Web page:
Wildlife on the isolated South Sea islands largely evolved separately, creating unique, often bizarre species. However exposure to immigrant species, especially since the arrival of humans,... See full summary »

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Wildlife on the isolated South Sea islands largely evolved separately, creating unique, often bizarre species. However exposure to immigrant species, especially since the arrival of humans, can wipe and increasingly does them out, even completely. Human overexploitation and competition with domesticated species, like pigs, can be as detrimental to the ecosystem. Easter Island's Rapa Nui culture proves how quickly a fragile paradise can become a wasteland. Written by KGF Vissers

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13 July 2009 (USA)  »

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From Strange Birds To The Mystery Of Easter Island
30 March 2010 | by (United States) – See all my reviews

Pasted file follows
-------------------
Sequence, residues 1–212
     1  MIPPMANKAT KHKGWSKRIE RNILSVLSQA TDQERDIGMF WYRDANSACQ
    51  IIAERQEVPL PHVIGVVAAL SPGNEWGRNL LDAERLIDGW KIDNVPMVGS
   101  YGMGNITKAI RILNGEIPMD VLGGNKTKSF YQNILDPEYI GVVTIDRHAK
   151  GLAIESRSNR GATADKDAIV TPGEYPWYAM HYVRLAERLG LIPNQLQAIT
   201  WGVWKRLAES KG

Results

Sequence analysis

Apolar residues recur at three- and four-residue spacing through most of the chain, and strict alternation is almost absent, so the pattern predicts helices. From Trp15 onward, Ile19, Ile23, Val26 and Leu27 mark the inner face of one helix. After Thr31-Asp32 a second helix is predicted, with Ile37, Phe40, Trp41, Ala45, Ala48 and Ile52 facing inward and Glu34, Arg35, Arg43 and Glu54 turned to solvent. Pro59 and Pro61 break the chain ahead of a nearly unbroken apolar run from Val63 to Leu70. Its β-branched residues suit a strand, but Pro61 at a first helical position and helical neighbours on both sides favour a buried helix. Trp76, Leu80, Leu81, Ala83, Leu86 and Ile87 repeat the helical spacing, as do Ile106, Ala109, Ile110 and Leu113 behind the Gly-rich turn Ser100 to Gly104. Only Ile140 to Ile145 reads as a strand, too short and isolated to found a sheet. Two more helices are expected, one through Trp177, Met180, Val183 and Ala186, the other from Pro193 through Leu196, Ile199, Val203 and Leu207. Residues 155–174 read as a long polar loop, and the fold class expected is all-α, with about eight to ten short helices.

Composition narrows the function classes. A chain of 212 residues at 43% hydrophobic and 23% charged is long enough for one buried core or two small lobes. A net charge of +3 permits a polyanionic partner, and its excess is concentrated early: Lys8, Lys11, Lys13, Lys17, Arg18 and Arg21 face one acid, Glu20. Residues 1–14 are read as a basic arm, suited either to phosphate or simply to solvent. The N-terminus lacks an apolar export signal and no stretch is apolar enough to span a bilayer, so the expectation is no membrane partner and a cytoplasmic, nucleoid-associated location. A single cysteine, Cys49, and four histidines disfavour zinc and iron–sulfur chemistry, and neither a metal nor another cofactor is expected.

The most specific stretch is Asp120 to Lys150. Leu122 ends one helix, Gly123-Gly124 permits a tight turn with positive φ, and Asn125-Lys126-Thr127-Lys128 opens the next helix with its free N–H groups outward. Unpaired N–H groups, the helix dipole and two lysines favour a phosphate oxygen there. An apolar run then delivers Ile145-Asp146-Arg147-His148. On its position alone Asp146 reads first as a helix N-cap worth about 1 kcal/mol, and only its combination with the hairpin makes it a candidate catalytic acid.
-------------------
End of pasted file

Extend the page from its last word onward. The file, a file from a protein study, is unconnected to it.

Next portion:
The vast Pacific, with over 25,000 islands according to narrator Mike Rowe, has more than enough amazing sights to entertain us with another great HD nature series. This episode focuses on some strange creatures who have changed and adapted according to their climates and terrains.

In New Guinea, we see the Dingiso, which is a tree kangaroo In New Caldedonia, we witness birds, big and small, who don't fly. Without predators, they haven't needed to so apparently they've forgotten how to fly. They just bounce along on the ground! I think they were called Kagoos (spelling?).

Anyway, New Caledonia is just beautiful, as are the Solomon Islands, the next place visited on this show. There, we see "skinks."

Later, the show visits New Zealand and Hawaii, where you see fantastic scenery and some unique birds and animals (i.e., the world's fattest owl.) The final stop is the famous Easter Island, "the most remote Pacific Island" of them all and home to those amazing huge stone statues. The story of Easter Island is given here, but a new theory on what might have been the inhabitants demise. I won't say what it is;just watch the show, which is pretty interesting.

Unlike the other nature shows (Planet Earth,Wild Russia and now "Life,"), this one also shows some humans. In this case, we see primitive tribes doing a form of bungee jumping but with a purpose in mind other than thrills. It's kinda strange, but that's why it is featured on this TV show, titled "Wild Pacific" here in the States.


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